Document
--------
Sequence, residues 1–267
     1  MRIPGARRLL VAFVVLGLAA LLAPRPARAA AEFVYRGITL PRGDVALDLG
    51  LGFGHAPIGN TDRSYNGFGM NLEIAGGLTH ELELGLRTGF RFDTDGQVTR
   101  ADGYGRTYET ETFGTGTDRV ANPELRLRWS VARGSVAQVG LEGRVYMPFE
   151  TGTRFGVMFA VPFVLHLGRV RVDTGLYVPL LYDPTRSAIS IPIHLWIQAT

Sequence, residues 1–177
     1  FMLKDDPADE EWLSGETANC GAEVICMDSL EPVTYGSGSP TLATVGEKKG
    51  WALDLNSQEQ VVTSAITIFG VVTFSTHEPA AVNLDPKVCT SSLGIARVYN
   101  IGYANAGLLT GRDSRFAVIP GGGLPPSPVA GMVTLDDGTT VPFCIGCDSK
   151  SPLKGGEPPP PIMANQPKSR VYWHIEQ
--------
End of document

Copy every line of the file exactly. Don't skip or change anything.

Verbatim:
Sequence, residues 1–267
     1  MRIPGARRLL VAFVVLGLAA LLAPRPARAA AEFVYRGITL PRGDVALDLG
    51  LGFGHAPIGN TDRSYNGFGM NLEIAGGLTH ELELGLRTGF RFDTDGQVTR
   101  ADGYGRTYET ETFGTGTDRV ANPELRLRWS VARGSVAQVG LEGRVYMPFE
   151  TGTRFGVMFA VPFVLHLGRV RVDTGLYVPL LYDPTRSAIS IPIHLWIQAT

Sequence, residues 1–177
     1  FMLKDDPADE EWLSGETANC GAEVICMDSL EPVTYGSGSP TLATVGEKKG
    51  WALDLNSQEQ VVTSAITIFG VVTFSTHEPA AVNLDPKVCT SSLGIARVYN
   101  IGYANAGLLT GRDSRFAVIP GGGLPPSPVA GMVTLDDGTT VPFCIGCDSK
   151  SPLKGGEPPP PIMANQPKSR VYWHIEQ